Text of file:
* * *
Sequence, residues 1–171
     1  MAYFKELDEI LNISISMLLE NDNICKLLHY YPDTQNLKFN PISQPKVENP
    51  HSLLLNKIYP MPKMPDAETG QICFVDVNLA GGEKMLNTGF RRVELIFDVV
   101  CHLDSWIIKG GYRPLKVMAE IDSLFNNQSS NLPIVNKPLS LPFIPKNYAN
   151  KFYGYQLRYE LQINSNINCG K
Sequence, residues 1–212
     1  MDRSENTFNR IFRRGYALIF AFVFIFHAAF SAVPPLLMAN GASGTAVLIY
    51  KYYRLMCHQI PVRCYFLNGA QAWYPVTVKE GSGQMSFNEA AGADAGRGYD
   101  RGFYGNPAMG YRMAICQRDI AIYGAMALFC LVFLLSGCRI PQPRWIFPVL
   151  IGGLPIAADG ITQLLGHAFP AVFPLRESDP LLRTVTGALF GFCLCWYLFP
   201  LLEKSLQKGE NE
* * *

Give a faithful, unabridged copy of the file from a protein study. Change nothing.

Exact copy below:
Sequence, residues 1–171
     1  MAYFKELDEI LNISISMLLE NDNICKLLHY YPDTQNLKFN PISQPKVENP
    51  HSLLLNKIYP MPKMPDAETG QICFVDVNLA GGEKMLNTGF RRVELIFDVV
   101  CHLDSWIIKG GYRPLKVMAE IDSLFNNQSS NLPIVNKPLS LPFIPKNYAN
   151  KFYGYQLRYE LQINSNINCG K
Sequence, residues 1–212
     1  MDRSENTFNR IFRRGYALIF AFVFIFHAAF SAVPPLLMAN GASGTAVLIY
    51  KYYRLMCHQI PVRCYFLNGA QAWYPVTVKE GSGQMSFNEA AGADAGRGYD
   101  RGFYGNPAMG YRMAICQRDI AIYGAMALFC LVFLLSGCRI PQPRWIFPVL
   151  IGGLPIAADG ITQLLGHAFP AVFPLRESDP LLRTVTGALF GFCLCWYLFP
   201  LLEKSLQKGE NE